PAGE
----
|The Mammals of Texas -
Thirteen-lined Ground Squirrel
Rodentia : Family Sciuridae : Spermophilus
Description. A small ground squirrel with
usually 13 alternating dark and light stripes, the dark
ones containing a series of squarish buffy spots, the
light stripes occasionally broken into spots; dark dorsal
stripes dark brown or black in color, the light stripes
continuous and buffy white; underside of tail russet at
base, shading to orange buff toward tip; lower sides
cinnamon buff; belly pinkish buff; chin white; ear small.
External measurements average: total length, 285 mm;
tail, 105 mm; hind foot, 40 mm. Weight of males averages
154 g (up to 212 g); females, 160 g (to 220 g).
Distribution in Texas. Known from
northern Texas and in a corridor extending from Tarrant
and Dallas counties in north-central Texas south to
Atascosa, Bee, and Calhoun counties along the Gulf Coast.
Habits. These squirrels are
typically inhabitants of short-grass prairies, but they
have invaded the tall-grass areas in Texas where they
live principally in pastures and along fencerows. They
live in burrows in the ground from which radiate
well-marked paths to the feeding grounds. In tall grass
the paths may become tunnels. In cultivated areas they
seem to prefer fence-rows and excavate their burrows near
fence posts. Occasionally, they usurp abandoned burrows
of pocket gophers or even those of prairie dogs. Their
own burrows are about 5 cm in diameter, have two or three
openings, descend to a depth of 10-115 cm, and may be 7 m
or more in length.
These squirrels are strictly diurnal
but their annual cycle of activity includes a very long
period of hibernation. In Texas, studies conducted by
Howard McCarley revealed that the period of hibernation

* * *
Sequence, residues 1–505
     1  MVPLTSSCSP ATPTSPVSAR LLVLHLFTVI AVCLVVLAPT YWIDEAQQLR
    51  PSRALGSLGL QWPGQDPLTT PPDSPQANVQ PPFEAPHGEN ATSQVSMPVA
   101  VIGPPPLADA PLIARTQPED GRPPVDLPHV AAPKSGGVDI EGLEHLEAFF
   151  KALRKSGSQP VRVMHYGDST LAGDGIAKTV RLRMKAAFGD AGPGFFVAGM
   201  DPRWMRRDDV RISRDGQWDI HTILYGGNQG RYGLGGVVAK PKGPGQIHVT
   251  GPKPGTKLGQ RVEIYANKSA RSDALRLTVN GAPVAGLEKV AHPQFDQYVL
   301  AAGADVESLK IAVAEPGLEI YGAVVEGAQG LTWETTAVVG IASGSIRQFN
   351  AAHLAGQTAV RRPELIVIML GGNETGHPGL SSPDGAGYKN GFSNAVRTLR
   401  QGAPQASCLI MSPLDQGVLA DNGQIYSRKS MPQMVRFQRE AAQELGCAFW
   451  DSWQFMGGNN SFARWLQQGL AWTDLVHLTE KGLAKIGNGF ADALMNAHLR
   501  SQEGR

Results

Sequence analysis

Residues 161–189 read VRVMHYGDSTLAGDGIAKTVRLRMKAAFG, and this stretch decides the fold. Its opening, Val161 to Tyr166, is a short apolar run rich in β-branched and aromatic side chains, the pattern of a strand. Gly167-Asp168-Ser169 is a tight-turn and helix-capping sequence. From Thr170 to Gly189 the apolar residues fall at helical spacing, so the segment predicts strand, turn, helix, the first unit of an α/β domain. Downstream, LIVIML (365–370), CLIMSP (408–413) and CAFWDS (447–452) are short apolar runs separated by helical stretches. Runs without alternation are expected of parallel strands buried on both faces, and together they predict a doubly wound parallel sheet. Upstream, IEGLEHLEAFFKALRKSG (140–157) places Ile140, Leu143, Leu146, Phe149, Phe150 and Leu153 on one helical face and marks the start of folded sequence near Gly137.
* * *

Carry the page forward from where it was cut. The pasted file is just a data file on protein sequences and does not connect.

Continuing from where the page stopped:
lasts about 240 days. Adults enter hibernation in July
and young-of-the-year in August or September. They emerge
from the middle of February to the first of March in the
Texas Panhandle. In southern Texas they have been
observed above ground as late as October 27 and as early
Their food is chiefly green grasses and
herbs in early spring but seeds, flower heads, and
insects contribute importantly to their diet as the
season advances. Grasshoppers are often conspicuous items
in their stomach contents, and often more than half of
the stomach contents consists of insects, including
grasshoppers, crickets, caterpillars, beetles, ants, and
insect eggs. They also eat mice and have been reported
capturing and eating small chickens. Quantities of dry
seeds stored in underground caches probably serve to
carry the squirrels through the period of scarcity
shortly after they emerge in the spring.
Mating activities begin about 2 weeks
after squirrels emerge from hibernation. The males are
sexually active for only 2-3 months which of necessity
restricts the length of the breeding season. Normally
only one litter is produced annually, but one study found
about 25% of the females observed in a marked population
produced two litters. The gestation period is 27-28 days.
The young vary in number from two to 13; the yearling
females produce the smallest litters. The young are
blind, hairless, and toothless at birth and weigh from 3
to 4 g each. By the eighth day they are dark dorsally; on
the 12th the stripes begin to appear and hair sparsely
covers the back; on the 26th their eyes begin to open.
The female then begins to wean them and at the age of 6
weeks they are entirely dependent upon their own
resources. They mature sexually at about 9 or 10 months
Where concentrated in pastures and
farming areas these squirrels may cause serious loss of
forage and crops, but their fondness for insects partly
offsets any damage they may do. On rangelands they
usually do no serious damage.
Photo courtesy of U.S. Fish and Wildlife Service.